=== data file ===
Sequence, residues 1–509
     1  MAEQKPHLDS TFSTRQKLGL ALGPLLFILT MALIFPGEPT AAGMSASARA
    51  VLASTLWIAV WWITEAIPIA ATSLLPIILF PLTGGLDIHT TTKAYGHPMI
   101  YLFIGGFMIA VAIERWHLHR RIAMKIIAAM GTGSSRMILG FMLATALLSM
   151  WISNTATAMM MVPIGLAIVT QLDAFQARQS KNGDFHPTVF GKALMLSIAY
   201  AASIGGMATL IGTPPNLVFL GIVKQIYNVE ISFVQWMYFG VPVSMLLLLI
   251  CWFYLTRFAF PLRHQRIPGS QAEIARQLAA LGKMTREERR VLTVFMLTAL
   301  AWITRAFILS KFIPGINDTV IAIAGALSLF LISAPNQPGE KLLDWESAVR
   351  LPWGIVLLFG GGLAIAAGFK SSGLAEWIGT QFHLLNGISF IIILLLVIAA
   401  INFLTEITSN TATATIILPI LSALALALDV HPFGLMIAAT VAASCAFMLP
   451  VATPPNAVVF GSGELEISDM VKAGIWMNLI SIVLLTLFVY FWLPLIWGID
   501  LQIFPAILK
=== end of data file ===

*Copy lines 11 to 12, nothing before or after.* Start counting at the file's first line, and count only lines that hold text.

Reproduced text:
   451  VATPPNAVVF GSGELEISDM VKAGIWMNLI SIVLLTLFVY FWLPLIWGID
   501  LQIFPAILK